The UPC is also contributing to major advances in the development of medical devices and diagnostic imaging. The UPC’s Institute of Industrial and Control Engineering (IOC) and the Pulmonology Research Group of Bellvitge Hospital’s Institute for Biomedical Research have developed a virtual bronchoscopy system that improves the diagnosis of lung cancer. The technology provides doctors with information that enables them to decide with more confidence whether an actual bronchoscopy is necessary or not. This helps minimise risk and discomfort for patients.

The system is based on images provided by a virtual bronchoscopy using 2D computed tomography images. The novel feature of the system is that it takes into account the geometry and kinematic constraints of the bronchoscope.

The device is designed so that a pulmonologist can virtually navigate through a patient’s airways and simulate the movements that will later be executed when a flexible bronchoscope is used to perform the examination. It is a useful tool that facilitates “very realistic planning of the most feasible path from the trachea to peripheral pulmonary lesions,” says Jan Rosell, the researcher who carried out the project together with Paolo Cabras and Alexander Pérez, who also work with the IOC. “Doctors can also use the device to determine whether the end of the bronchoscope will reach a lesion, or, if not, how close it can be manoeuvred and what technique will need to be used to obtain a biopsy sample,” Rosell adds.

In addition to pursuing advances in diagnostic imaging, molecular biology and telemedicine, UPC researchers are also doing innovative work in another area of interest: metabolomics, the scientific study of chemical processes involving metabolites. It is in this field that another CREB team has patented an innovative software tool. The advanced program, based on a new algorithm, helps medical professionals make more accurate, automated predictions in disease diagnosis and drug screening.

Developed by Àlex Perera and Francesc Fernández in collaboration with researchers with the University of Barcelona’s Department of Nutrition and Food Science, the tool improves detection of biomarkers, the biological markers used to detect diseases.

Another advantage of the software is that it reduces prediction error in metabolomic analysis and testing (used to examine the small organic molecules in biological systems). Metabolomic analyses are based on biological samples of urine or blood, nuclear magnetic resonance (NMR) techniques, and mass spectrometry (LC/MS). Making predictions in this area is complex because it requires analysis of extensive data obtained from individual samples, but it is of vital importance in evaluating the effectiveness of new drugs, for example.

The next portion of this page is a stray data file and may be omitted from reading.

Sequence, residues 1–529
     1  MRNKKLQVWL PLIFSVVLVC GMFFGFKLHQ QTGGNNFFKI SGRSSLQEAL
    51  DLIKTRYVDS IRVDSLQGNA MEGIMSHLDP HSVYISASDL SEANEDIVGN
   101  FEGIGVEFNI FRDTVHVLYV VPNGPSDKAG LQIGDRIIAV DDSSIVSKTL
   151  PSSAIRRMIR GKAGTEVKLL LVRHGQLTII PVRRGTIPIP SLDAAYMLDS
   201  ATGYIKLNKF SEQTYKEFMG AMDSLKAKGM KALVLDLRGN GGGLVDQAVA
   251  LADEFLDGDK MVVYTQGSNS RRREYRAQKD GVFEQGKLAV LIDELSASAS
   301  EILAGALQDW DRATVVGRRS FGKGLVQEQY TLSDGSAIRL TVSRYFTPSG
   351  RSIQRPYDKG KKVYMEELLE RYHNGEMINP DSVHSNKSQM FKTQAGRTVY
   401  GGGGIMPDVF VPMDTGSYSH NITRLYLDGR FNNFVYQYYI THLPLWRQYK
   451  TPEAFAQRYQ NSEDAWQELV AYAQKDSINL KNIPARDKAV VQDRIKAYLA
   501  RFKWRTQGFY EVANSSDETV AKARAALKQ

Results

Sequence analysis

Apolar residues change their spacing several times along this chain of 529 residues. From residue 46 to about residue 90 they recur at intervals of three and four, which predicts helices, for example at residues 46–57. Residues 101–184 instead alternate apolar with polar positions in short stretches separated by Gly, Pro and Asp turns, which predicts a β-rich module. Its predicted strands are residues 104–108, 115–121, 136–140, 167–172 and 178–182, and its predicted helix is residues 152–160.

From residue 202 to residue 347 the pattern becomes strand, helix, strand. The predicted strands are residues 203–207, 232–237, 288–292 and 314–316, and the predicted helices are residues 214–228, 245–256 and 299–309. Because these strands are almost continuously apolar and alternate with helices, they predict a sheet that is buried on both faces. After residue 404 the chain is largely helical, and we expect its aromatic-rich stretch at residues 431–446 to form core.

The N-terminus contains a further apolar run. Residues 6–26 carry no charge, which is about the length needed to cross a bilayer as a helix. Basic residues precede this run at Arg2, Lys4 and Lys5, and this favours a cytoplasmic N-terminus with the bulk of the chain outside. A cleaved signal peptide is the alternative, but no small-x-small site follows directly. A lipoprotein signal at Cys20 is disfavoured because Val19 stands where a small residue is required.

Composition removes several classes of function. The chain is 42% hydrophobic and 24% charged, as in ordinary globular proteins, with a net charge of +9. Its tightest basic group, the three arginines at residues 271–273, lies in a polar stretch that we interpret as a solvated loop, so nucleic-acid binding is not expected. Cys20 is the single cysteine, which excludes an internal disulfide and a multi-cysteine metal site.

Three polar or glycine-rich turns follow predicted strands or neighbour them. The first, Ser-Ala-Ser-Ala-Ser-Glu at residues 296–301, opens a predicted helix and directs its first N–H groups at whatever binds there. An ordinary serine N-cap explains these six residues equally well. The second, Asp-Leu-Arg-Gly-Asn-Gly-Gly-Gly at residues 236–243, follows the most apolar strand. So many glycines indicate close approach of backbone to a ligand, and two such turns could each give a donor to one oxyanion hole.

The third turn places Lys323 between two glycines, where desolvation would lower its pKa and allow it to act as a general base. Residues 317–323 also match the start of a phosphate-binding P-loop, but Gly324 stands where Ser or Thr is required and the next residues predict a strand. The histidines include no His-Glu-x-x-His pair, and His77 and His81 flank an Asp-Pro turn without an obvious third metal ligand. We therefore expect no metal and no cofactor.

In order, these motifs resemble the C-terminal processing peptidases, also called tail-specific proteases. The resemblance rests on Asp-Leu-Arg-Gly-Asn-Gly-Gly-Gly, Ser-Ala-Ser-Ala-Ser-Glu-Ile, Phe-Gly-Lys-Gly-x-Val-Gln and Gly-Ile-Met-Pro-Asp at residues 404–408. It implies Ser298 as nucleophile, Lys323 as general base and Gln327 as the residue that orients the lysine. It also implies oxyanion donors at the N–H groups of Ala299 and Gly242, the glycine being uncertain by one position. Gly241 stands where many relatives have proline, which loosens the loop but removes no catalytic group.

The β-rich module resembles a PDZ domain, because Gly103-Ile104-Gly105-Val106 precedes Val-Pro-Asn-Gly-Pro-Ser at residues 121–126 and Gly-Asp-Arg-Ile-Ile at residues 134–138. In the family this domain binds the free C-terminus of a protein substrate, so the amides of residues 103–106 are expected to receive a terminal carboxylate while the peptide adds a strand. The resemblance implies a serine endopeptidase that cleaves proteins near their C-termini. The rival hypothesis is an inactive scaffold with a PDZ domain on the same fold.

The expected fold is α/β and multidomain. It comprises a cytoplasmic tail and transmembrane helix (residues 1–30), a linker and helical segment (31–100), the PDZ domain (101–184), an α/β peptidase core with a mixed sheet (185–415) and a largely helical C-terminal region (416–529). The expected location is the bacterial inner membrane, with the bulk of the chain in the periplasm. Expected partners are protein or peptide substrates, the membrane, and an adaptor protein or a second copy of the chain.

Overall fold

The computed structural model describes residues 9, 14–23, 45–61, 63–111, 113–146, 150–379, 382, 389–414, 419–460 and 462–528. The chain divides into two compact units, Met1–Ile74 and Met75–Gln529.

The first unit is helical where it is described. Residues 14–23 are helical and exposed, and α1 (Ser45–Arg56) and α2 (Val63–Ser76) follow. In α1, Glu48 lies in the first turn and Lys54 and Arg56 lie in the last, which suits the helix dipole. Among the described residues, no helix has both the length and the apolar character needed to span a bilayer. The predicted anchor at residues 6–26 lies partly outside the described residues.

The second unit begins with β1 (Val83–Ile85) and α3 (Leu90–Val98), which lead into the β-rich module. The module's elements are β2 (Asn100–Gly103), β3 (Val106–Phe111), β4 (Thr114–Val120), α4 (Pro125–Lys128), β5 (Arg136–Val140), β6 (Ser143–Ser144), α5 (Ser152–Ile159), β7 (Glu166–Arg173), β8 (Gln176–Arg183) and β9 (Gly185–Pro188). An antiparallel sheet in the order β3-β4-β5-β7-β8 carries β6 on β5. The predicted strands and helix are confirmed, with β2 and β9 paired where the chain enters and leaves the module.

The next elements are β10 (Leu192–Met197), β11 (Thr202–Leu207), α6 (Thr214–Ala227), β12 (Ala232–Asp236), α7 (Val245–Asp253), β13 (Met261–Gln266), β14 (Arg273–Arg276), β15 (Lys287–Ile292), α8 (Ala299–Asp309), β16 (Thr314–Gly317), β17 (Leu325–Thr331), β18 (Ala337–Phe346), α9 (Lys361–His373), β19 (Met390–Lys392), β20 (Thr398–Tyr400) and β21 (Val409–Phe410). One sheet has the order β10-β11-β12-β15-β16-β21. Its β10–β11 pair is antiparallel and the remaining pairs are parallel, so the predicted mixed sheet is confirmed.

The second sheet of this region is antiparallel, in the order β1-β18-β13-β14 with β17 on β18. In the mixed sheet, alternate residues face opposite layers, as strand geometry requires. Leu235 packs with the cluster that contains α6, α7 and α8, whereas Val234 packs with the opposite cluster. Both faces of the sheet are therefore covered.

New test for tuberculosis

Tuberculosis is one of the diseases that accounts for the most morbidity and mortality worldwide. Despite this, there are still a lot of unanswered questions about the disease and many scientific challenges remain to be tackled. Daniel López Codina and Clara Prats of the UPC’s Discrete Modelling and Simulation of Biological Systems group have carried out research in this field in collaboration with a team at the Experimental Tuberculosis Unit of the Germans Trias i Pujol Health Sciences Research Institute Foundation.

The two teams have patented a new method that offers a fast, easy and reliable way to determine the virulence (ability to produce disease) of Koch’s bacillus. The technique allows specialists to make more accurate diagnoses.

López Codina’s team observed the tuberculosis bacillus (Mycobacterium tuberculosis) in an in vitro culture and looked at the way it grows by forming clumps. Given the difficulty of applying conventional microbiological methods with this type of culture, the researchers used an alternative approach: microscopy and analysis with image processing techniques. “This is the first time we’ve been able to use a culture to observe two different strains of the bacterial parasite and the existence of a correlation between the characteristic clumping pattern and the virulence of the disease,” said the researcher.

The results have created a new business opportunity for companies involved in biomedical imaging and diagnostic testing.

Projects like these highlight the huge potential of engineering and medicine to continue delivering solutions that improve people’s quality of life.

Source : http://www.news-medical.net/news/20121123/UPC-teams-conduct-research-in-biomedical-engineering-to-improve-peoples-health.aspx

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UPC teams conduct research in biomedical engineering to improve people’s health